Woolen Mill on North Great Clarence Street

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Woollen Mill, Clarence StreetRecently, I was asked if I knew anything about the woolen mill on North Great Clarence Street. I had to admit that I had never heard of one but immediately resolved to find out more about it. The premises in question (No. 46) now houses the D-Lightg Studios, described on their website as ‘a creative, multi-functional space housed in a converted woolen mill’.


Woollen Mill, 46 Clarence St
[D-Light Studio, 46 North Great Clarence Street]

It is a very attractive building in the middle of an area that is full of contrasts and redolent with history. North Great Clarence Street and Dunne Street (with which the building intersects) have a healthy mixture of housing, from neat early 20th century terraces to later blocks of local authority flats and senior citizens communities, interspersed with institutional buildings like St. Agatha’s Roman Catholic Church, St. Vincent’s Schools for girls and boys and the beautiful Charleville Mall Library.

Charleville Library
 Charleville Mall Library, 1987 (Dublin City Library and Archives Digital Collection)

Checking through the 1901 and 1911 Census returns online, I found that in 1901 No. 46 was described as a ‘private dwelling’, a class 2 building (meaning it had between 6 and 11 rooms) and the head of the household was listed as Mr. John Kelly. He was living in the house with his wife Mary and his two sons, James and John. John Kelly Senior’s occupation was Carriers Foreman and his two sons were van drivers. Nos. 47 to 49 were described as a factory while no. 45 was a tenement’. The street held mainly tenements and private dwellings, with one or two shops.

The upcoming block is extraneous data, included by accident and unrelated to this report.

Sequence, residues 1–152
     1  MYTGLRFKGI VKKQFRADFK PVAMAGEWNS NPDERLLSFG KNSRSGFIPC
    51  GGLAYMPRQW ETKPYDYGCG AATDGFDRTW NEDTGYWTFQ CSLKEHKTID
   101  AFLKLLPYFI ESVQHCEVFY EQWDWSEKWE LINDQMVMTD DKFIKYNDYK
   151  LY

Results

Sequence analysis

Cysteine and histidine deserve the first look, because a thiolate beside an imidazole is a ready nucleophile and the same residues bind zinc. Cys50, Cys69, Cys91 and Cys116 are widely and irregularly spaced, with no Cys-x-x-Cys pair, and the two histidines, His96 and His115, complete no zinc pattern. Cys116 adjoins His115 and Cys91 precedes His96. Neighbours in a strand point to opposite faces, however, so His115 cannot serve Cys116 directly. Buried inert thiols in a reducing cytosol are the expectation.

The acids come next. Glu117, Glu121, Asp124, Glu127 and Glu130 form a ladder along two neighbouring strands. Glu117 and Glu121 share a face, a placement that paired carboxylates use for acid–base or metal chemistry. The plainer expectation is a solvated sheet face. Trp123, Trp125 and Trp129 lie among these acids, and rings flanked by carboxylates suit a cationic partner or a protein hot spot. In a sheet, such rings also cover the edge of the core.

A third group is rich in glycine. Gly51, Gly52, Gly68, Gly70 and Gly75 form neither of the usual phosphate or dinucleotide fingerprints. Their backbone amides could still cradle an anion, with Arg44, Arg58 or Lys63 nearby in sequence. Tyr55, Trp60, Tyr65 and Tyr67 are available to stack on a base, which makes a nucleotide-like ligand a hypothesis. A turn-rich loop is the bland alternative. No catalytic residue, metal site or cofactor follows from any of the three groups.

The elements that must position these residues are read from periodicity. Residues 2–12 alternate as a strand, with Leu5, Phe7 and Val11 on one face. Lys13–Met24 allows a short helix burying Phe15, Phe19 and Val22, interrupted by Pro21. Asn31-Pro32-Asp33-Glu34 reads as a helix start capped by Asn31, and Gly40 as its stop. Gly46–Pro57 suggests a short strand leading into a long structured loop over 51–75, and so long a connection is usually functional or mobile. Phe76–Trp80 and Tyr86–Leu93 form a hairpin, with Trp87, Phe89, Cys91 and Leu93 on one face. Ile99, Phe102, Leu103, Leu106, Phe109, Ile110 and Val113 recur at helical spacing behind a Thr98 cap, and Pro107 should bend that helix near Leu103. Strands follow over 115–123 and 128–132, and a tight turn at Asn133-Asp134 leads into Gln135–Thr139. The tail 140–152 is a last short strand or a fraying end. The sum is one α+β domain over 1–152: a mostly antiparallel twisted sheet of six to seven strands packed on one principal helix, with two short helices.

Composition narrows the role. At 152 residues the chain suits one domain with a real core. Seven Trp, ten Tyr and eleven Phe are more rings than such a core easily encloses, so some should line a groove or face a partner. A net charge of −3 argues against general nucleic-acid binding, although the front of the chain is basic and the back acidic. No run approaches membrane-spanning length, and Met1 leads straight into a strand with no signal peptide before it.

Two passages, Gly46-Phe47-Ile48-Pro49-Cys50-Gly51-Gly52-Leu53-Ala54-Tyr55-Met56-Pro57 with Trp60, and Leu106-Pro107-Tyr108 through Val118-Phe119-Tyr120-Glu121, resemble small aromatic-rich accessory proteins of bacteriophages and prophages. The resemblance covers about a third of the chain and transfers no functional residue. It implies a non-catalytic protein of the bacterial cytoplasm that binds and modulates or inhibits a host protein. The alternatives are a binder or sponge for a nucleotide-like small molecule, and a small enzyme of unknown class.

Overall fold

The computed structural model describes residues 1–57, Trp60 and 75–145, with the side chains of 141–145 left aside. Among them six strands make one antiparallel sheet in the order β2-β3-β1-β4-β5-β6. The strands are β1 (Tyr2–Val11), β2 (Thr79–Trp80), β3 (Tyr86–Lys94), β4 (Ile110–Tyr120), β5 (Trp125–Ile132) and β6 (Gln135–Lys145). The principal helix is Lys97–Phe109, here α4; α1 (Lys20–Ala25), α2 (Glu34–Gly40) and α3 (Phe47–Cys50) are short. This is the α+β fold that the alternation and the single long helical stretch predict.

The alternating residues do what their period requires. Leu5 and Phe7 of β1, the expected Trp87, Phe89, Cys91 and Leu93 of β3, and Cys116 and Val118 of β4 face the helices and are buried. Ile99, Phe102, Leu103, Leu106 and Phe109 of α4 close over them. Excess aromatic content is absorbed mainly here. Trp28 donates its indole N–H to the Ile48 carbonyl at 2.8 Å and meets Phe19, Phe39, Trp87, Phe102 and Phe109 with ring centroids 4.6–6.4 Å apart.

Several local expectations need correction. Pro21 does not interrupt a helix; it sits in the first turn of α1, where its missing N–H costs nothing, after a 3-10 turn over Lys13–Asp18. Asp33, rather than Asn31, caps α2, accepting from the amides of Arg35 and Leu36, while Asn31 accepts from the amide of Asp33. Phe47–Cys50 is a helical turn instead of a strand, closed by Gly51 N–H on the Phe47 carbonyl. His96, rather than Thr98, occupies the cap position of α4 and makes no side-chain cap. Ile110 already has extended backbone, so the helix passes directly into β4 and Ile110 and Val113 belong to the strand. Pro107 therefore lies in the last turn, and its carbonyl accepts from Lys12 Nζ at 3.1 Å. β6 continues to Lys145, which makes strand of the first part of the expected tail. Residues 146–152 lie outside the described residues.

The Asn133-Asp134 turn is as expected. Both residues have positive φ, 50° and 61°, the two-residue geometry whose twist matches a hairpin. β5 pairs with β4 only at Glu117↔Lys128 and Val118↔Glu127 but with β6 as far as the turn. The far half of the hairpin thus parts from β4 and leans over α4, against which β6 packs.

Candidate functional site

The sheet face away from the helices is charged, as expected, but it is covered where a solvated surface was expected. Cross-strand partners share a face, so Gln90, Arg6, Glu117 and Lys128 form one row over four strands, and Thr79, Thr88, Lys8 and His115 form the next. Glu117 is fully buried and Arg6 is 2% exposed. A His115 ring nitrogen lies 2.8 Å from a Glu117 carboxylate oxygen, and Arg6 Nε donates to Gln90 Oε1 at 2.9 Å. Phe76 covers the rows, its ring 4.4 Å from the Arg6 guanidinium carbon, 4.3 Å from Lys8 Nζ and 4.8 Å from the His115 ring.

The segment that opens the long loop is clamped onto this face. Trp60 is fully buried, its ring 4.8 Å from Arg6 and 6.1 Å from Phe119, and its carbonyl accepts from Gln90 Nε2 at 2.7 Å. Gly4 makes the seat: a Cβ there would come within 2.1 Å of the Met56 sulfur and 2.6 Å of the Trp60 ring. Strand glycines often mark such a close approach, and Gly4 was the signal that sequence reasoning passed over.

In the 1911 Census the house at No. 46 was occupied by Mrs. Elizabeth Rudd, a widow who was living with her daughter and son and a lodger. Elizabeth Rudd’s occupation is described as home duties, but her daughter Mary is described as engaged in ‘home duties in shipper’s office’, suggesting she might have been working as a housekeeper, perhaps in the factory next door. Thomas Rudd was working as a clerk and the lodger, Charles Blythe is described as an ‘artist’.

The next step was a trip to the Archives in Pearse Street to have a look at the Thom’s Directories. The 1901 Directory was exciting because the listing for the building identified the owner and purpose of the factory: